Ap­point­ments speak vol­umes about Trump’s lead­er­ship

Texarkana Gazette - - OPINION - Carl Leub­s­dorf

The nasty pub­lic war be­tween Don­ald Trump and Rex Tiller­son un­der­scores one of the big­gest rea­sons for the prob­lems be­set­ting this ad­min­is­tra­tion: the pres­i­dent’s poor per­son­nel choices.

From White House chief of staff to sec­re­tary of state, Trump has proved far less adept in hir­ing peo­ple than he was at fir­ing them on his re­al­ity tele­vi­sion show. The re­sult: an ar­ray of top aides pre­dictably ill-suited for their po­si­tions.

His un­ex­pected vic­tory meant he had to pick of­fi­cials with lit­tle fore­thought, forc­ing him to fall back on past busi­ness as­so­ciates, con­ser­va­tive ide­o­logues rec­om­mended by his vice pres­i­dent and his own ques­tion­able in­stincts. Be­sides the Ma­rine gen­er­als he named to run the de­fense and home­land se­cu­rity de­part­ments, most ini­tial per­son­nel de­ci­sions proved to be poor.

Here are the most egre­gious ex­am­ples:

White House Chief of Staff: Trump picked Repub­li­can Na­tional Chair­man Reince Priebus, who lacked the man­age­rial ex­pe­ri­ence to su­per­vise an in­ex­pe­ri­enced pres­i­dent and staff. A prod­uct of to­day’s po­lit­i­cal par­ti­san­ship, Priebus also lacked the bi­par­ti­san con­tacts needed to suc­cess­fully deal with Capi­tol Hill. At a per­sonal level, he proved un­able to cope with Trump’s chaotic modus operandi. The in­stal­la­tion of re­tired Gen. John Kelly in the job has cor­rected at least some ini­tial man­age­ment prob­lems.

Chief White House Strate­gist: By se­lect­ing self­styled bomb-thrower Steve Ban­non as the chief of staff’s co-equal, Trump en­sured the staff dys­func­tion of his first six months. The joint choice seemed pat­terned af­ter how Ron­ald Rea­gan si­mul­ta­ne­ously picked Jim Baker and Ed­win Meese as top White House aides; Baker’s su­pe­rior po­lit­i­cal skills over­came Meese’s ad­min­is­tra­tive short­com­ings to cre­ate a highly ef­fec­tive op­er­a­tion. But this time it failed, and Priebus and Ban­non made early de­par­tures.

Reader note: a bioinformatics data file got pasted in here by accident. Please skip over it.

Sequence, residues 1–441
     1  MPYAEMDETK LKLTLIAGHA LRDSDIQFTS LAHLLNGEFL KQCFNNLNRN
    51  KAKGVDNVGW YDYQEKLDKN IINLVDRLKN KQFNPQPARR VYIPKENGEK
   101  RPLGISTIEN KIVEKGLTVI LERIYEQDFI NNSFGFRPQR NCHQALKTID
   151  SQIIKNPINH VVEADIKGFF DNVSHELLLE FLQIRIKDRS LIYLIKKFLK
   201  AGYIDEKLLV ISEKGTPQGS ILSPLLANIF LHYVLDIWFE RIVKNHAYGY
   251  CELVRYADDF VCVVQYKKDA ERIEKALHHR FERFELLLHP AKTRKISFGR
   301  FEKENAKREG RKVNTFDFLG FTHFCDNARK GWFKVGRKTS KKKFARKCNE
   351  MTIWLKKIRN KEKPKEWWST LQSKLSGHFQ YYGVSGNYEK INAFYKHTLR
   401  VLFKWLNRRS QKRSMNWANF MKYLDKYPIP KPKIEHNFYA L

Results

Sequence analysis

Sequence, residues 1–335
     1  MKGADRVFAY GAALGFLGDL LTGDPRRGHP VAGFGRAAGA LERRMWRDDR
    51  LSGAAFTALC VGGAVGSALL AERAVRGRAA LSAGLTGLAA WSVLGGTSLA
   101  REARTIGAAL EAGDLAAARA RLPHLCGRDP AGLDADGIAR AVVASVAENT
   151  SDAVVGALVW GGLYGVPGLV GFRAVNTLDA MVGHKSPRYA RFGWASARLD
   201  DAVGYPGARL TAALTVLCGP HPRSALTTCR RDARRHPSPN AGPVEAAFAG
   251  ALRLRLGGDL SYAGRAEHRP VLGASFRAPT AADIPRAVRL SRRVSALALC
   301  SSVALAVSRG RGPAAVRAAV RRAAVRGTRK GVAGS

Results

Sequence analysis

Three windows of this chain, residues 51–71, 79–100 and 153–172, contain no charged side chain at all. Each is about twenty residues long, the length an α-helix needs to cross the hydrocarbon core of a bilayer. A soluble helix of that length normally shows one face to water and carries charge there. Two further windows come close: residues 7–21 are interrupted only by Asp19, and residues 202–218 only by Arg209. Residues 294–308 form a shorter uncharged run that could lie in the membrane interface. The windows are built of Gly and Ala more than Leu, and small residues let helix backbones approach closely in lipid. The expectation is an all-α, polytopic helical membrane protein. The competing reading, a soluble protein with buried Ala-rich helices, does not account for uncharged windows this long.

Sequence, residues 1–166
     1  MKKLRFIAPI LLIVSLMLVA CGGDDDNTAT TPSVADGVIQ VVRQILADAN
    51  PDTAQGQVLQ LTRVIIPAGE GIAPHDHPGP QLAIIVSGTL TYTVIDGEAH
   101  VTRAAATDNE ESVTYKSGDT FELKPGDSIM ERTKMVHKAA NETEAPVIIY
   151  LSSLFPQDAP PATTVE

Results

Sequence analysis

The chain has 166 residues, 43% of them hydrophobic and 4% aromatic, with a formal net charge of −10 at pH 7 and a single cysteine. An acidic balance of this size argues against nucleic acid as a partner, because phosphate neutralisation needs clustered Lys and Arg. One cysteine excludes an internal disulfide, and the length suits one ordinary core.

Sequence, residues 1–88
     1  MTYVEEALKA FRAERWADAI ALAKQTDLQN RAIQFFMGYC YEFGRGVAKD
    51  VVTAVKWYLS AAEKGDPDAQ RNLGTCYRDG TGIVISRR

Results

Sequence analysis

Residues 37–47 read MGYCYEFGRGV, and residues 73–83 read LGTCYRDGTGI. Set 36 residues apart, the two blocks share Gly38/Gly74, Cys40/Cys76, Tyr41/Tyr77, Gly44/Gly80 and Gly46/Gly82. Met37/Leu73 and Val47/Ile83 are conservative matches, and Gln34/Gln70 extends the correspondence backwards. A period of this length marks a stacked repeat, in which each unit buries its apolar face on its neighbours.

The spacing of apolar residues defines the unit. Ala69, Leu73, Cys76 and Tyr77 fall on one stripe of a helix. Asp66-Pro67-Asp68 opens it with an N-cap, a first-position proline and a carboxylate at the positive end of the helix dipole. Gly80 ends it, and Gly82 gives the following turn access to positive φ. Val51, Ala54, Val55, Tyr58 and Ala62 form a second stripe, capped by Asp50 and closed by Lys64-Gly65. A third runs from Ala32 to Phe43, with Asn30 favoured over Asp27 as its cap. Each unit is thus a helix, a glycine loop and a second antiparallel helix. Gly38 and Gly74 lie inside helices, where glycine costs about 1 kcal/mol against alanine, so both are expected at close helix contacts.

Na­tional Se­cu­rity Ad­viser: De­spite a rep­u­ta­tion for not work­ing well with oth­ers, Gen. Mike Flynn got the job co­or­di­nat­ing na­tional se­cu­rity, thanks to be­ing an early Trump sup­porter and a fire­brand cam­paigner. But he lasted just weeks, fired be­cause he lied about deal­ings with Rus­sia that re­main po­ten­tial prob­lems for Trump.

Press Sec­re­tary: A vet­eran Wash­ing­ton po­lit­i­cal pub­lic-re­la­tions op­er­a­tive who joined Priebus in throw­ing in with Trump, Sean Spicer seemed a log­i­cal choice. But he lost cred­i­bil­ity by bow­ing to Trump’s de­mands and telling re­peated un­truths, and his com­bat­ive per­son­al­ity un­der­cut his ef­fec­tive­ness. Sarah San­ders has a more even tem­per­a­ment, but her brief­ings pro­vide lit­tle in­sight into Trump’s thoughts or plans.

Sec­re­tary of State: Picked partly be­cause he “looked like” a sec­re­tary of state, Tiller­son, a for­mer Exxon Mo­bil ex­ec­u­tive, has proved a poor fit both for Trump, with whom he dis­agrees on cru­cial is­sues, and the State De­part­ment, whose ex­per­tise he doesn’t un­der­stand and whose struc­ture he seems hell­bent on re­vamp­ing. His in­evitable suc­ces­sor will face a tough task, both in co­ex­ist­ing with Trump and un­do­ing Tiller­son’s dam­age at Foggy Bot­tom.

At­tor­ney Gen­eral: Also ap­pointed be­cause he was an early Trump sup­porter, for­mer Alabama Sen. Jeff Ses­sions drew the pres­i­dent’s ire by re­cus­ing him­self from the Rus­sia in­ves­ti­ga­tion. Af­ter barely keep­ing his job, Ses­sions seems de­ter­mined to re­gain Trump’s sup­port by un­der­min­ing the de­part­ment’s his­toric role in fight­ing dis­crim­i­na­tion and in­sti­tu­tion­al­iz­ing ul­tra-con­ser­va­tive views that are even ex­treme by cur­rent GOP stan­dards.

Sec­re­tary of Health and Hu­man Ser­vices: One of the House’s most ra­bid ide­o­logues, for­mer Ge­or­gia Rep. Tom Price proved a walk­ing con­flict of in­ter­est, from his stock trad­ing in drug com­pa­nies as a con­gress­man to his in­ap­pro­pri­ate use of ex­pen­sive pri­vate air­craft for per­sonal and po­lit­i­cal trips. His House back­ground proved of lit­tle help in sell­ing the ad­min­is­tra­tion’s flawed health care bill to the Se­nate.

Along with the sec­re­tary of de­fense, where Trump scored high with re­tired Ma­rine Gen. James Mat­tis, and the sec­re­tary of the trea­sury, these are among the most im­por­tant jobs in gov­ern­ment. Given Trump’s nar­row knowl­edge, in­stinc­tive ap­proach and lack of ex­pe­ri­enced ad­vis­ers, his trou­bles were pre­dictable. Some lesser choices also made lit­tle sense, like putting pe­di­atric sur­geon Ben Car­son in charge of the De­part­ment of Hous­ing and Ur­ban De­vel­op­ment. Other se­lec­tions, like Sec­re­tary of In­te­rior Ryan Zinke and EPA Ad­min­is­tra­tor Scott Pruitt, are tech­ni­cally qual­i­fied but are cre­at­ing long-term dam­age by dis­man­tling decades of en­vi­ron­men­tal pro­tec­tion, to the de­light of the busi­ness com­mu­nity.

Trump has never un­der­stood that run­ning the U.S. gov­ern­ment re­quires team­work among many ex­pe­ri­enced of­fi­cials. It’s not a one-man op­er­a­tion, no mat­ter how much his tweets dom­i­nate po­lit­i­cal di­a­logue.

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